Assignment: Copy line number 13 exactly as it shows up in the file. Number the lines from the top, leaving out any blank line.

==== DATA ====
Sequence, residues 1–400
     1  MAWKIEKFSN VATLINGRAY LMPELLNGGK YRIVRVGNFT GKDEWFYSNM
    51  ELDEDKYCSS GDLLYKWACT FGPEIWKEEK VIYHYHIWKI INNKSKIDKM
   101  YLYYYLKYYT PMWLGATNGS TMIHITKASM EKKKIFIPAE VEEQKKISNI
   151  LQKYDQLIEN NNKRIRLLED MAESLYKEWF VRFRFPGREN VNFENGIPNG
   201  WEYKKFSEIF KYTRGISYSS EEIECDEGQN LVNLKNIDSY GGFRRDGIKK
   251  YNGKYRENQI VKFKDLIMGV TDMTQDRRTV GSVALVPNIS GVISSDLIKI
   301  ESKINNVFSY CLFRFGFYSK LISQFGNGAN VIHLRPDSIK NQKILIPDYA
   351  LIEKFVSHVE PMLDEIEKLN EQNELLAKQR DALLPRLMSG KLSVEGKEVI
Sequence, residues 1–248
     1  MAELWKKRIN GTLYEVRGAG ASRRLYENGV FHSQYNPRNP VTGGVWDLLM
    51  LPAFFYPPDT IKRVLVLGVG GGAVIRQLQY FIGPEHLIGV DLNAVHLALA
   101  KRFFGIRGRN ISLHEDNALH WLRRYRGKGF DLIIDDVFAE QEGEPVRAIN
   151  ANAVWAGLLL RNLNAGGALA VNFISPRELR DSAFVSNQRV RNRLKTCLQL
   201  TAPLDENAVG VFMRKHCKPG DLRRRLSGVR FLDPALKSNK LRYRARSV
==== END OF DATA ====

   101  KRFFGIRGRN ISLHEDNALH WLRRYRGKGF DLIIDDVFAE QEGEPVRAIN